I've been reading longer than I've been roleplaying, and writing fiction for not quite as long. and for the sake of completeness, I've also been involved in some cooperative writing forums, which have fallen somewhere between roleplay and round-robin story telling. Remember The Outpost, hotspurre? Or the Haunted House?
This is my life-long love affair with fiction, with fantasy and sf, manifested in myriad forms but all tracing back to that one root desire: to immerse myself in the story. To make it real.
In many ways, this internal life of fiction, of settings and characters and stories, is more real to me than my external one. I think I am beyond considering this a Good Thing or a Bad Thing: it's just a Thing. Sometimes it absorbs all of my mental energy, for days or weeks or even months. Sometimes I turn my back on it and do without, for days or weeks or months, and immerse myself in that strange place we call the Real World instead.
In my own experience, there's a huge difference between three broad categories:
* Reading: stories created by others that I experience as a member of the audience (this applies to movies, TV shows, webcomics, etc.)
* Writing: stories that I create on my own
* Roleplay: stories that I create in cooperation with others
All of my cooperative efforts, from the round-robin stories to tabletop RP to MUCKing to the PBEM, have been more akin to each othe than they have been to writing solo.
There's something about roleplay that, for me, has always made it feel like a game -- even when it's just as hard to produce as writing a story by myself would be. Even when it's harder. Even when the resulting story strikes me as being as good or better than anything I would write on my own. There are several reasons for this; perhaps the most important is that RP is never accessible to a broad audience the way a novel could be. Yes, the logs or emails or segments of a text game can be posted to the web and people can read them, but few who aren't participants will ever choose to. They are plagued by what koogrr describes fairly as a lack of editing. There's a lot of repetition and fluff that may be interesting at the time, but which doesn't contribute to the overall story. Those who are part of the game, who are creating it and watching it unfold, will enjoy (or at least overlook) the extraneous information. But for someone who is only in the audience, the overload of stuff is too burdensome. They're looking for a traditional narrative, where all the parts contribute to the whole. Where the characters don't spend half the book chasing down deadends, or arguing over red herrings, or rechecking all their facts to make sure they've got them right. Oh, the characters might do these things, but they won't take up much of the reader's time. The author will usually cover false leads in a few paragraphs, not twenty chapters. The amorphous, meandering nature of roleplay makes it harder for those not directly involved to become engaged by it. It's not what they're expecting. It can become totally unpredictable, because players do things gamemasters don't expect -- and vice versa.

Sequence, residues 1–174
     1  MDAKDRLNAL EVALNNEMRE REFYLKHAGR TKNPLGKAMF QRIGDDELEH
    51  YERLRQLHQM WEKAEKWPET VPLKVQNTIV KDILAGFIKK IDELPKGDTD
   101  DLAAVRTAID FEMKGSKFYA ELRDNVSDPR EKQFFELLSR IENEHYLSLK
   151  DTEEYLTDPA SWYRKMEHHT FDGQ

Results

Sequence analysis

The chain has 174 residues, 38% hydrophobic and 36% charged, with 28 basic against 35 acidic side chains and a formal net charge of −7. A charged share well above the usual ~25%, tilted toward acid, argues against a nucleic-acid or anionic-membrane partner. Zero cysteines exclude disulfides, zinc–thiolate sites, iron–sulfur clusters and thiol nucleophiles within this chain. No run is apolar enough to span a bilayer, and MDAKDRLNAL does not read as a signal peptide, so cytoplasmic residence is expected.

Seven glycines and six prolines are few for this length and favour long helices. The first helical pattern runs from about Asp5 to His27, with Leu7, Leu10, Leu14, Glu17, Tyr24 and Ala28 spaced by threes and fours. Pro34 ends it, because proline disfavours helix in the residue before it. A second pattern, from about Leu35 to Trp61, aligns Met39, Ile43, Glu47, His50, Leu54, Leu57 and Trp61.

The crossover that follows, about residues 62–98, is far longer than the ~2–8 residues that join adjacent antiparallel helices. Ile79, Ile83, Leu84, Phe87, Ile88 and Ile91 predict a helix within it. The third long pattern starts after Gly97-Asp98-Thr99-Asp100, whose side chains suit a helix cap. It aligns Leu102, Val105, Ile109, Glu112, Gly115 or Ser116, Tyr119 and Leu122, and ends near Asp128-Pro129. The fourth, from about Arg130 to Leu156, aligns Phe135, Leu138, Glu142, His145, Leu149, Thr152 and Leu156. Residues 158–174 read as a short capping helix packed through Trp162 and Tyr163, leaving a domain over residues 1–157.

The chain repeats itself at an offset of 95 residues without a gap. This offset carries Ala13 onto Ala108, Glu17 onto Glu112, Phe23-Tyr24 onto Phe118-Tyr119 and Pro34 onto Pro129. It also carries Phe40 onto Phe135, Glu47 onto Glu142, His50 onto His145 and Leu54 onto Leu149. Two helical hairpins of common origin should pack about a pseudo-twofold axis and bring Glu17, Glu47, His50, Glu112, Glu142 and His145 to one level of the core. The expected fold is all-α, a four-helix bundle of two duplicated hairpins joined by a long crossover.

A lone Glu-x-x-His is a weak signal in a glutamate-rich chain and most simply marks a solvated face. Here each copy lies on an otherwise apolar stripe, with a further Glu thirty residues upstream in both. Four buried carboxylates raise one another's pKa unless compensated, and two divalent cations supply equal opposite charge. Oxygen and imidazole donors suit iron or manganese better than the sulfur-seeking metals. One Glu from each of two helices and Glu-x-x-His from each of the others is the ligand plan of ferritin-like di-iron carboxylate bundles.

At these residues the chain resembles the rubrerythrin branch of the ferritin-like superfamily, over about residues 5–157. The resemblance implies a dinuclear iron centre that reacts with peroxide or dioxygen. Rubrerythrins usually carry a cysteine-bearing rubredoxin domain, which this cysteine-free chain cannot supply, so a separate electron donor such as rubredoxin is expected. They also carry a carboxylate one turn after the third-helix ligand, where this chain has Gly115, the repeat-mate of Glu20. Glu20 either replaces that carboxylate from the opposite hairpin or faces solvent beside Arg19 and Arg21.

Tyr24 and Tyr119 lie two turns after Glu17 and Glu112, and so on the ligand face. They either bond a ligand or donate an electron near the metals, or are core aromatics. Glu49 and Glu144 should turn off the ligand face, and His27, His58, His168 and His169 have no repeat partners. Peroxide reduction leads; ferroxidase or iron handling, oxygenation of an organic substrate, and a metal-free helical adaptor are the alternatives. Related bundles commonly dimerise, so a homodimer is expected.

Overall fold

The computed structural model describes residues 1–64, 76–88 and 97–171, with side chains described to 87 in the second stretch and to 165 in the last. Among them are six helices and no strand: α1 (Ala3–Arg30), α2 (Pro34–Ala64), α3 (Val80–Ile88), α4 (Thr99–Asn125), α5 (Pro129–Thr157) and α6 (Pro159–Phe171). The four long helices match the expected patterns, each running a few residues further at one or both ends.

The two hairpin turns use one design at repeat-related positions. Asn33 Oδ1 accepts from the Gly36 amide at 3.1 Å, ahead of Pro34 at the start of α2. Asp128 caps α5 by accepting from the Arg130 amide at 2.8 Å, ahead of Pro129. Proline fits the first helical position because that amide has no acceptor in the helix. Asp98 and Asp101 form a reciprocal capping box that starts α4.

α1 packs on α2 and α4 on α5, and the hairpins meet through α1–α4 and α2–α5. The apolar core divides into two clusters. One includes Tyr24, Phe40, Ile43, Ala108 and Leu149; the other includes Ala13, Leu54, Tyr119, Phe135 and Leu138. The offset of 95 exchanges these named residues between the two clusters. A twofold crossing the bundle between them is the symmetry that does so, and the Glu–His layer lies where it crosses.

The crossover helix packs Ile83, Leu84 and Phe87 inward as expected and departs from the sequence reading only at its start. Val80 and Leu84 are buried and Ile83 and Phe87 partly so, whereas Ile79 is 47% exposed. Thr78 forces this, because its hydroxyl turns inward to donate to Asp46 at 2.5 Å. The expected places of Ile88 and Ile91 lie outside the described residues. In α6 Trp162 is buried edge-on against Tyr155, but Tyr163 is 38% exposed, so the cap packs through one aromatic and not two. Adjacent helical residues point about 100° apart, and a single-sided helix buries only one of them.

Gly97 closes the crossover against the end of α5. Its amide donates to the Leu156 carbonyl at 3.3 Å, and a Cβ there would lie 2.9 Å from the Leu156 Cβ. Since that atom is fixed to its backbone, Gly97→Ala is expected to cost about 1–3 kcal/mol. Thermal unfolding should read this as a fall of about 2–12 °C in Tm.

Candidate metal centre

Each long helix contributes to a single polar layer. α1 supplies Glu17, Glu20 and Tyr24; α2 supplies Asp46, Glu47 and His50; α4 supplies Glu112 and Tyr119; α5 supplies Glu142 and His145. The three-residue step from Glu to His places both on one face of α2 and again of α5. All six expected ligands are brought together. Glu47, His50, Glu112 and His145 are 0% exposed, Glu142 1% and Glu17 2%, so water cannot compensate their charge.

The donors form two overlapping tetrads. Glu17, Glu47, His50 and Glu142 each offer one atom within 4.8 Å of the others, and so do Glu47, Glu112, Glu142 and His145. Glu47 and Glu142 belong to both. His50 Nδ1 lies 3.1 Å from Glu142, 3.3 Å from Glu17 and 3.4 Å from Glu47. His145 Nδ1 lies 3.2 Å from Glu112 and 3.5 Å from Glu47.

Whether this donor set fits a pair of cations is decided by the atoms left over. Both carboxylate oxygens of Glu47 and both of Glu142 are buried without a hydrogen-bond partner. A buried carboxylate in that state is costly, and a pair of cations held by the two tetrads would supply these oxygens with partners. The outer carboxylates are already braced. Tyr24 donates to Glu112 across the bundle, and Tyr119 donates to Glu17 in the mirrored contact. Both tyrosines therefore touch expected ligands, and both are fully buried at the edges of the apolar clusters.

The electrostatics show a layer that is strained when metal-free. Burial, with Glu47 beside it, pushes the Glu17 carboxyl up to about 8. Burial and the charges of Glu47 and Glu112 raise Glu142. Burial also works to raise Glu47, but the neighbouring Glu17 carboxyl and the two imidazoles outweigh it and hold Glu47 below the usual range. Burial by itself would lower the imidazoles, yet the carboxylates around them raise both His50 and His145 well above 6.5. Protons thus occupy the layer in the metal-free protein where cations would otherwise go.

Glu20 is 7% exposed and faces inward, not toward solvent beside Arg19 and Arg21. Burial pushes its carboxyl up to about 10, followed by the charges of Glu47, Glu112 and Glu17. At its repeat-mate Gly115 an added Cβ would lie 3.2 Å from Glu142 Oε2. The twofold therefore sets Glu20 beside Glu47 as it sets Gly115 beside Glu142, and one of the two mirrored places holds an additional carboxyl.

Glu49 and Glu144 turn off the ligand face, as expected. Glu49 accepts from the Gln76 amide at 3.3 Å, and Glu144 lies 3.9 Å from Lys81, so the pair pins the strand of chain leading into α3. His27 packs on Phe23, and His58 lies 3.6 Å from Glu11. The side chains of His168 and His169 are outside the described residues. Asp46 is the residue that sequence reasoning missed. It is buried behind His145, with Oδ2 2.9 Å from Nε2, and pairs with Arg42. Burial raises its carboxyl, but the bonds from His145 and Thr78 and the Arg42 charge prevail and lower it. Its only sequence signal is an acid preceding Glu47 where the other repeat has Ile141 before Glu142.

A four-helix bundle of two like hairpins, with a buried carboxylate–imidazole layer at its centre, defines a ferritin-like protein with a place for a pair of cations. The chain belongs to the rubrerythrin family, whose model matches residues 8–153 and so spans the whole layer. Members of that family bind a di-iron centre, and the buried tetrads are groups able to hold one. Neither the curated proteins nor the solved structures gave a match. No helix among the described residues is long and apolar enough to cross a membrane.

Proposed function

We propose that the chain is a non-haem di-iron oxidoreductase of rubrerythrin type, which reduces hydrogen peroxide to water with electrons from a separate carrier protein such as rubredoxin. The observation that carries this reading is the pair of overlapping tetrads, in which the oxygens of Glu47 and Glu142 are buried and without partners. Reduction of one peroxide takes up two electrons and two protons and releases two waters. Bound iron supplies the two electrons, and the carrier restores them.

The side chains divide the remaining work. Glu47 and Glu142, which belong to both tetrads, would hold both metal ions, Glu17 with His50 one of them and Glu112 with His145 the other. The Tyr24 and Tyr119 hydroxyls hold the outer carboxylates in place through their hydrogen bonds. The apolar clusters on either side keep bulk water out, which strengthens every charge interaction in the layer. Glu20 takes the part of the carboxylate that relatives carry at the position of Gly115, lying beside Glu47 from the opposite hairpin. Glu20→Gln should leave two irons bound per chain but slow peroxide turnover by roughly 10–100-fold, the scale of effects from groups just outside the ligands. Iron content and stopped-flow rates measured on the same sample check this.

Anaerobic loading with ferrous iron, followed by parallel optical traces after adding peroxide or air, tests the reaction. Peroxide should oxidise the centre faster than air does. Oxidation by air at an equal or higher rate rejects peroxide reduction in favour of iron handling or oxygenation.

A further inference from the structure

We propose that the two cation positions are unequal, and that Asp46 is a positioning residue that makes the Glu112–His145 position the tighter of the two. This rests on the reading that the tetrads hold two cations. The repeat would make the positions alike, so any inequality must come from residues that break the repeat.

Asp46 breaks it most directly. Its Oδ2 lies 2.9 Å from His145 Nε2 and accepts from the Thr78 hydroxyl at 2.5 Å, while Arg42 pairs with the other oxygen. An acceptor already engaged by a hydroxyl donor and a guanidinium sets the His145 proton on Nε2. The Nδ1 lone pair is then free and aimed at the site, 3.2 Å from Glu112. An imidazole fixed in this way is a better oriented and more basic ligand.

It is, in large part, this very unpredictability that makes roleplay so engaging for those involved. No one knows what's going to happen next, and no one is completely in control. When all the participants are skillful, the results are amazing.
One of the things that fascinates me, though, is the way that participants in a text RPG will attempt to follow the tropes of conventional story-telling. In logs on Sinai, players and GMs alike will often labor over the word choices in each pose and sentence. They evoke mood, character, setting in much the way a novelist tries to. Sometimes this has odd results, with characters taking a paragraph to say "I agree" because it seems too uncreative to say it quickly.
But some phenomenons are more subtle. One of these is "Just Do It". There are many reasons why player characters are more prone to action than discussion: arguing is dull, it take a long time to agree, planning is hard work and not fun, and so forth.
But one overlooked reason is a trope of all fiction, which is this:
Any Detailed Plan Discussed In Advance Will Fail.
You name it, in books, films, TV shows, whatever, nearly any scene which describes a plan beforehand will be followed by scenes of said plan going horribly awry. If the Plan were going to work, the author would write something like: " Jackson said, 'Now, here's the plan'" followed by an immediate cut to the action, wherein the plan unfolds before the reader's eye. Why would the author bore you by describing the same plan twice -- once when it's discussed and again when it's executed? And why bore you with the dry details of planning when he can cover that in one line and skip to the exciting part of showcasing a brilliant plan?
No, the only reason to tell the audience about a plan is if the plan is doomed, and the audience needs to know how it was supposed to go in order to understand why it's gone so wrong.
The result carries over to roleplay. Even when players have a plan ahead of time, they're reluctant to share it with the GM or show it 'on camera' because everyone knows that means it's not going to work. Sometimes this fear is rational -- a startled GM is less likely to invent an immediate counter to a plan. But I think more often, it's that ingrained, subconscious fear that good roleplay is like good fiction, and that means any plan visible to the 'audience' isn't going to work. Successful plans are those deployed for proper dramatic effect, and revealed only at the moment of utilization.
This can be pretty frustrating for GMs, who as a whole prefer to be prepared for what might happen in their games, and can't prepare when the PCs are keeping them deliberately in the dark.
I know a lot of you play RPGs, too -- what tropes have you noticed that have odd consequences when translated from the medium of books to that of games?